by Daniel Brown
Just as I had stated last month that Francine Prose’s novel The Chameleon Club is the best novel of 2014 to date, I read Anthony Doerr’s All the Light We Cannot See, which I think it’s safe to call a masterpiece. Written over a ten year period but just published, Doerr’s novel also takes place in Paris between the wars, as Prose’s novel does as well. It appears that this historical period of time is of tremendous renewed interest both by novelists and by historians and biographers. A recent non-fiction book examines intra-war France through its novelists and some of its politicians: the sense of France as a decadent culture not only reflected the lingering anti-Semitism from the Dreyfus era, but looks forward to the French collaboration with the Nazis, around this cultural idea of the decadent versus the refreshed and renewed Aryan so beloved of the rather effete Hitler and his inner cronies. All these books help clarify how some French opinion makers of the era were ripe for the cultural excesses and horrors of the Nazi era.
Anthony Doerr choses to examine the intra-war period through the lives of one blind French girl, Marie-Laure, and one orphaned but technically brilliant young German boy, Werner. Although the reader knows that at some point these two lives will intersect, we don’t know how and when, but Doerr examines the period in alternating chapters, where we live the lives of each of these children. He is not trying to make us sympathetic to the German cause, but he is asking us to understand the circumstances under which German children were reared between the wars, and to remember history is made of individuals and as well as of major leaders and their ideas, as well as by mass movements: this novel, thus, absorbs the three main views of history currently considered at odds with one another. Doerr supposes that the three overlap: his absorption of historicism is an overlooked theme of this novel, but a very important one.
Marie-Laure lives with her widowed father, who works for a museum in Paris which collects minerals from around the world. One of these is a rare diamond known as the Sea of Flames, and it comes with all sorts of myths and legends about its strengths and curses, and in the chaos of packing up the museum to prepare for the Nazi invasion of Paris, three fakes are made of this diamond and the real one leaves with her father, who flees to the Normandy/Brittany coast to the town of Saint-Malo, which the Germans have invaded, and which will be liberated by the Americans on D-Day. Marie’s father creates entire cities and villages in miniature, first Paris, and then Saint-Malo, so that his daughter can memorize the routes between here and there: he makes her independent. Much of their life in this tiny village is described, as different villagers collaborate with the Nazis or join the French Resistance. As the reader may know, the BBC radio was used to transmit vital information, under the rubric of reading birthdays or announcements of marriages, and the like, so that the role of radio in the war can be completely understood in this book.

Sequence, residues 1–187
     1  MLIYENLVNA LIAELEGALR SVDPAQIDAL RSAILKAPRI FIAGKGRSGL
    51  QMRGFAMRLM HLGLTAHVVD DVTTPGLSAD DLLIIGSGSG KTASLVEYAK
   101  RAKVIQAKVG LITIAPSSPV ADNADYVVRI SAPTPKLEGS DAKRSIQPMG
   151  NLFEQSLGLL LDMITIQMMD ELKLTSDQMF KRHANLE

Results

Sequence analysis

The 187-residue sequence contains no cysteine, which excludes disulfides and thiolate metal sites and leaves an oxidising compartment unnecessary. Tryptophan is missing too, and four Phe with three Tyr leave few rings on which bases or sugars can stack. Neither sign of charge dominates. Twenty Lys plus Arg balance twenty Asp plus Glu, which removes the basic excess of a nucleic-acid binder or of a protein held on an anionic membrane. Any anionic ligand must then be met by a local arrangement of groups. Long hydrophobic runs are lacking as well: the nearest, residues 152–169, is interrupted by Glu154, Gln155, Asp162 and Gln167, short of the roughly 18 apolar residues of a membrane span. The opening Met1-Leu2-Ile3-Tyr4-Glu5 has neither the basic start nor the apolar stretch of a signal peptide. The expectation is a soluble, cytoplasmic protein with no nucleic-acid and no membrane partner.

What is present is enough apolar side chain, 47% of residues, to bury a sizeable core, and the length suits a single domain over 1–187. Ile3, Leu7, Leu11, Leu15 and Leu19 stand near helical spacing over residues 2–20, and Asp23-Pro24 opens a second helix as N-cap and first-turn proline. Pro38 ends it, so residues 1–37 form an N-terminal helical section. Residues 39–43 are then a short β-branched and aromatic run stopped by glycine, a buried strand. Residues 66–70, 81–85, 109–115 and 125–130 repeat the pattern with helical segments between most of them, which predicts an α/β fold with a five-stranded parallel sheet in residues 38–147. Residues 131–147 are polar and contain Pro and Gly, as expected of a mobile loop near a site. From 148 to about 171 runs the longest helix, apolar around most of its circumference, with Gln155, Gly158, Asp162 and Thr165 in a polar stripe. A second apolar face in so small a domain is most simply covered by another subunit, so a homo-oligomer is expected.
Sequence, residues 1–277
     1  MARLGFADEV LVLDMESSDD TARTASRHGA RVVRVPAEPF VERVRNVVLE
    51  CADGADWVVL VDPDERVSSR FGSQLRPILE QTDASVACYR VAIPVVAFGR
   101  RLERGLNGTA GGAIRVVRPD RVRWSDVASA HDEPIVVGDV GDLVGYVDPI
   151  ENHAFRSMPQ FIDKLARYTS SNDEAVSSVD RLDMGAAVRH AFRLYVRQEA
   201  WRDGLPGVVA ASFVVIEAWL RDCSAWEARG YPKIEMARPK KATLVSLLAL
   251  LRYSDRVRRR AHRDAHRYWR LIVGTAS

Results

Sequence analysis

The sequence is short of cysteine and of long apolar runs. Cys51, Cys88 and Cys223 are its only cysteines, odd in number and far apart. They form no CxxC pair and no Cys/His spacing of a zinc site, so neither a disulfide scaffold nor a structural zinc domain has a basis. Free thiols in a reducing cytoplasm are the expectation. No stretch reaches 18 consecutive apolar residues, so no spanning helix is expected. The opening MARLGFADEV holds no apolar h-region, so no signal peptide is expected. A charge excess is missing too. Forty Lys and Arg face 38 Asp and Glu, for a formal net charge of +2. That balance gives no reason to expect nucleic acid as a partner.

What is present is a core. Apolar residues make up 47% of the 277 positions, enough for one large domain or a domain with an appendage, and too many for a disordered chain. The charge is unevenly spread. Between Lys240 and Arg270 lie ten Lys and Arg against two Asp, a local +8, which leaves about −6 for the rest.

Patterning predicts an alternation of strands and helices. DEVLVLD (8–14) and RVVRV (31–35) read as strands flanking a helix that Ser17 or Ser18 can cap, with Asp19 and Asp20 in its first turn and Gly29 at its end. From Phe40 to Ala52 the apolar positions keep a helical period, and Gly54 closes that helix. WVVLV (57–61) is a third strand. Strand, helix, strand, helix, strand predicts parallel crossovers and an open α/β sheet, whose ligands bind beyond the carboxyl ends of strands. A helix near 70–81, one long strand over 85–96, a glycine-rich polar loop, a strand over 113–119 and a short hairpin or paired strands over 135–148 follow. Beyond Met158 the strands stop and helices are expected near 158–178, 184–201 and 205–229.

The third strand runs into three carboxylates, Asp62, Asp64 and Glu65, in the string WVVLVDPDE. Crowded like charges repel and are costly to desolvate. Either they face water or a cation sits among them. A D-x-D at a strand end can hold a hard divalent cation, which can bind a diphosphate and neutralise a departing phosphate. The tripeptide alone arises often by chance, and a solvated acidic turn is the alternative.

Werner, of course, is a genius with electronics, and is brought to a special school for German children to be re-made into young Nazis; his sister remains skeptical, although it will mean advancement and riches for these two orphaned children later. One is astonished by the casual cruelty of German teachers with these students, and how students are pitted against one another, when an instructor asks “who is the weakest in the group?” repeatedly, and so we see Werner’s best friend literally torn apart by his peers when they catch on that he really wears glasses (no good Nazi would have needed them). Werner spends several years in the war finding radios broadcasting information from French partisans, and his partner murders them all. Eventually they are caught in a basement of a hotel in Saint-Malo, where memories of listening to his first radio with his sister come back to Werner, and where, of course the last radio in the area is coming from the house in which Marie-Laure lives. The missing diamond is also in the same house, where a member of the German high command has come to find it and steal it for his own personal pleasure: how he finds the other three tells us much about the German mind of the period and of the absolute abuse of power that we have wondered for decades is or is not a part of the German character. Doerr takes on every one of these issues.
But Anthony Doerr writes like an angel, in prose that is remarkably similar in its affect to Proust’s. One of the great joys of this novel is the kind of prose poetry which Doerr writes. Of course, it is a romantic novel at heart, and one can say that the good guys do win (mostly), but the emotion that Doerr is able to imbue in the reader is genuine, legitimate tour-de-force of writing, and his coda, if you will, involves the dead Werner’s sister receiving parts of the miniature house from a soldier who worked with Werner, and she will go back to Saint-Malo to trace their steps and their histories. Doerr believes in individual goodness, and in individual redemption. An overarching theme of the novel is about the power of love to motivate human beings to do things which seem beyond their ken or their abilities. Doerr thus reminds us that human nature includes the potential for nobility, for choosing good over evil, and for a transcendent redemption increasingly rare in contemporary fiction, because so rare in contemporary life.